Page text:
In real estate financing, most loan documents restrict a Borrower’s right to alter the collateralized real property. Alterations provisions in loan documents pertain to any alterations, improvements, or demolition of any improvements to the property. Since most real estate financing is non-recourse in nature, the Lender is rightly concerned that alterations to the collateralized property may impact the Lender’s only asset in the event of a Borrower default. Even when a financing is not non-recourse, a Lender is also rightly concerned with alterations to the real estate collateral since it is looking, either wholly or partially, to that collateral as security for its loan.
In a typical transaction, alterations to the property which are above a threshold or are “material” or “structural” in nature will require the Lender’s prior written consent. The threshold under which the Borrower may alter the property without the consent of the Lender is defined in the loan agreement as either a dollar amount or a certain percentage of the amount of the aggregate original principal amount of the loan. In addition, many loan agreements provide that the Lender’s prior written consent is not required with respect to alterations that would not reasonably be expected to result in a material adverse effect, often defined as any event or condition that has a material adverse effect on the use of the property, the business of the Borrower, the enforceability, validity, perfection or priority of the lien of the mortgage or other loan documents, or the ability of the Borrower to satisfy any of its material obligations under the loan documents. Notwithstanding this threshold, many loan documents will list specific types of alterations that do not require the Lender’s consent, some of which may include the following:
- repairs based on life safety or emergency conditions or which are required to comply with applicable legal requirements;
- preapproved alterations;
- non-structural or decorative work performed in the ordinary course of the Borrower’s business;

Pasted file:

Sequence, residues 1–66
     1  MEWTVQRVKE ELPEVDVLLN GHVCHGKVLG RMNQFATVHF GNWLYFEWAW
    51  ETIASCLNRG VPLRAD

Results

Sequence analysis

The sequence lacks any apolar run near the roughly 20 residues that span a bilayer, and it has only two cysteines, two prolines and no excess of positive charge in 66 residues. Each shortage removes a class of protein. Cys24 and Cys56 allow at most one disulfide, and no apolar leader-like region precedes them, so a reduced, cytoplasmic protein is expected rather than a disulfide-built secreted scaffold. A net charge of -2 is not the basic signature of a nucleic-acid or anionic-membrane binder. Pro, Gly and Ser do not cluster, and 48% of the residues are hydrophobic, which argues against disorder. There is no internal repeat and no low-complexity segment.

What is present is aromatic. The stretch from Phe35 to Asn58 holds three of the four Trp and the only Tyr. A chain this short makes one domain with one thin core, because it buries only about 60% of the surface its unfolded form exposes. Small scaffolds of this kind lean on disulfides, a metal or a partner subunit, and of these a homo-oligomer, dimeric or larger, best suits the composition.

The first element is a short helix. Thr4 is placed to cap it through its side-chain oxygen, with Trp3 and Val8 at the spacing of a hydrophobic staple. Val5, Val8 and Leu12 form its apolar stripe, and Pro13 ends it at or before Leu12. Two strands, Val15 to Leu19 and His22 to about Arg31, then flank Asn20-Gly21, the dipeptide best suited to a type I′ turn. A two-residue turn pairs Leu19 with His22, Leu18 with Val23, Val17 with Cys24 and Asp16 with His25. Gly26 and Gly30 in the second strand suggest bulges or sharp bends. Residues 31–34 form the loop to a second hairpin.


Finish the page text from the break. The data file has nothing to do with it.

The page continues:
- alterations made pursuant to an approved annual budget;
- alterations with respect to any existing lease as of the closing date; and
- alterations and repairs arising out of a casualty or condemnation.
While this list is not exhaustive, the specifics of a transaction will dictate the list of alterations that do not require the Lender’s consent.
If the Borrower’s requested alterations exceed the threshold amount, in addition to requiring the Lender’s consent, the Borrower is required to post collateral as security for the completion of the work in a lien free manner. This may be in the form of cash, acceptable government securities, a letter of credit, or a guaranty executed by a guarantor in favor of the Lender. The Borrower’s requirement to post collateral is to ensure that the parties completing the alterations are paid for their work and to avoid any liens on the property. Once the alterations are complete, the collateral is returned to the Borrower after the Lender is provided with lien waivers and a clean title report of the property.
Alterations provisions in loan documents are necessary to ensure the Lender is aware and consents to any major alteration projects. Constraints to alterations in favor of the Lender include consent, as well as the Borrower’s requirement to post collateral once a threshold amount is exceeded. In non-recourse lending, alterations provisions in loan documents are essential to the Lender’s protection of the collateralized property.